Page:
The 100 year Starship was seed-funded by the DARPA, the Defense Advanced Research Projects Agency, the premier Defense Department agency, to really jumpstart radical innovations in technology, human systems and interstellar flight. Interstellar travel is nothing like going around in our solar system. Voyager, which has been traveling at over 35,000 miles per hour since 1977, just left our solar system. If it were headed toward our closest neighboring star, Alpha Centauri, which is 4.2 lightyears away, it would take it 50,000 to 60,000 years to get there. So, we have to do something very differently. The energy requirements to do human interstellar flight are phenomenal, to do any interstellar flight at a reasonable period of time. The idea around sustainability is really important. How do you reuse things? How do you put them together? Those are really important navigation, IT, and human behavior. How do you invest in something over a long time? And if you think about that, that really mirrors the challenges that we face in this world today on this planet.
I'd really love to ask you then, why is it so important that we make, as you say, that audacious journey to outer space? Especially when there's still so much to do on Earth, which is kind of the subtext of that famous photo.
With 100 year Starship, we believe pursuing an extraordinary tomorrow creates a better world today. We are able to reach villages. We're able to see things and understand things about the Earth and our environment because of space exploration. Every day, we walk around with space receivers in our hand in the form of our smartphones. They give us GPS readings and other things, the miniaturization, the issues around how do we observe the body? There are so many things that we take for granted that are very much involved in doing something as extraordinary as going to the moon and coming back. And so, without pushing further, without having a challenge of things that we don't know how to do — sometimes we stagnate.
That intersection of space and culture — I gather you once made an appearance, Dr. Jemison, on an episode of "Star Trek: The Next Generation." So, I've got to ask, were you, are you a Trekkie? Please say it is so.
So, I never call myself a Trekkie, but I am a huge "Star Trek" fan from the original series on. And I'm really proud to say that I think, you know, pop culture, people sometimes consider it, you know, irrelevant, but it changes our perspectives. And that's the reason why something like "Star Trek," which had a very positive outlook on our future, represented in the 1960s the full range of humanity onboard the enterprise. And that gave us another view, another look. I can tell you that I assumed I would go into space before I saw Nichelle Nichols, before I saw George Takei on the bridge of the Enterprise. I always assumed I would go into space. But here were confirmations that other people believed that, like I did, that we all belong there.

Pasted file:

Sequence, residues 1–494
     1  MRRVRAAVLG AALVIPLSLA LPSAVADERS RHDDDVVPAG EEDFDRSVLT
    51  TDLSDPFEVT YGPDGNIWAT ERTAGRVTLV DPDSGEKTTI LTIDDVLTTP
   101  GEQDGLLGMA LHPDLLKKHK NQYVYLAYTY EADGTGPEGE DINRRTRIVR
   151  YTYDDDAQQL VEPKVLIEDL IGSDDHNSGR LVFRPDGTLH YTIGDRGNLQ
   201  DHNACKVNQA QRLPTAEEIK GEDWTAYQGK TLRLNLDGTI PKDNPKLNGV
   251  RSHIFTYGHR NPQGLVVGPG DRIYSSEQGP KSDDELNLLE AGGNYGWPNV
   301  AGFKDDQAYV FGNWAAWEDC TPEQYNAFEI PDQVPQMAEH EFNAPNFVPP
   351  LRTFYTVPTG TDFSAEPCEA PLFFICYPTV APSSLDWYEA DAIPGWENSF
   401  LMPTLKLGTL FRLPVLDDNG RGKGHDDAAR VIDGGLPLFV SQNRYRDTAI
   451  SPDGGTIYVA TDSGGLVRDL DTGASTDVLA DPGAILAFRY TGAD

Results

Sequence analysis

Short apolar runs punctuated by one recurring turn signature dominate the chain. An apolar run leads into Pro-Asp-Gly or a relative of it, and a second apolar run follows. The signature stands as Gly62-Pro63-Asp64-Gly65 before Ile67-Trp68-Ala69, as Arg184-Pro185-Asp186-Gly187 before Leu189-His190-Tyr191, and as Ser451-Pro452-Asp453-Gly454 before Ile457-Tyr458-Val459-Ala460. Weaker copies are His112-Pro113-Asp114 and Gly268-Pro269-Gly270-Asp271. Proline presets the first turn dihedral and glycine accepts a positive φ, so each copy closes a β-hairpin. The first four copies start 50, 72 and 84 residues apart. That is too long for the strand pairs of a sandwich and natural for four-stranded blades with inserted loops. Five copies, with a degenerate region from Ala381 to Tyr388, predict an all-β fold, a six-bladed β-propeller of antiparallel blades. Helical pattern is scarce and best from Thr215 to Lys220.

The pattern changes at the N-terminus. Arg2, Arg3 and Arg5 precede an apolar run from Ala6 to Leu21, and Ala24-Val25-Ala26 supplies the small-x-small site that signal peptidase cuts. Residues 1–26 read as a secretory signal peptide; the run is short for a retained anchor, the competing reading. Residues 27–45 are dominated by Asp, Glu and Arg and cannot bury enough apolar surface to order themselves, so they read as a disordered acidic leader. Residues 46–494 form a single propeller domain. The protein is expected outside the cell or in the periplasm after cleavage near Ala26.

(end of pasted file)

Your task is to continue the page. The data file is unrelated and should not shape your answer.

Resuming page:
Well, Nichelle Nichols, who played Uhura on "Star Trek," I mean, a woman of color in space, you were the first woman of color to actually travel into space. How significant was that for you and for young people of color, do you think?
For me, you know, I had a job to do. It was, you know, highly personal. But on the other hand, you also recognize that you have a platform and what do you do with that platform? For me, it was about even then, including other people. So, I took up with me in space, because astronauts are allowed to take up different souvenirs, I took up a picture of Judith Jamison from Alvin Ailey performing the dance "Cry for All Black Women Everywhere." I took up a Bundu statue from the women's and girls' society in West Africa. I took up a certificate for Chicago Public School students to promise to do well in math and science. It was duplicated and handed out to the other students, all the students in Chicago, when I came back. That's where I went to school, at Chicago Public Schools. I took up the Alpha Kappa Alpha banner, which is the oldest African American women's sorority in the country. I took up a flag for the Organization of African Unity because I wanted to include people and hand these things back to folks who may not have been included. That's what I wanted to do. So, when you ask me, "What does that mean to me?" It meant bringing my ideas and knowledge to bear on problems, questions and solutions, which meant that after I left that project, 100 year Starship had to start with inclusiveness, right? Across ethnicity, gender, geography, across disciplines — that it had to help improve life here on Earth, and beyond, and it had to be audacious. Because we need adrenaline. I think that's one of the things that's really important, is I recognize that humans need an adrenaline rush. We need to have a challenge. And what bigger challenge than space exploration and using it to improve life on Earth as well as beyond?
This interview was lightly edited and condensed for clarity.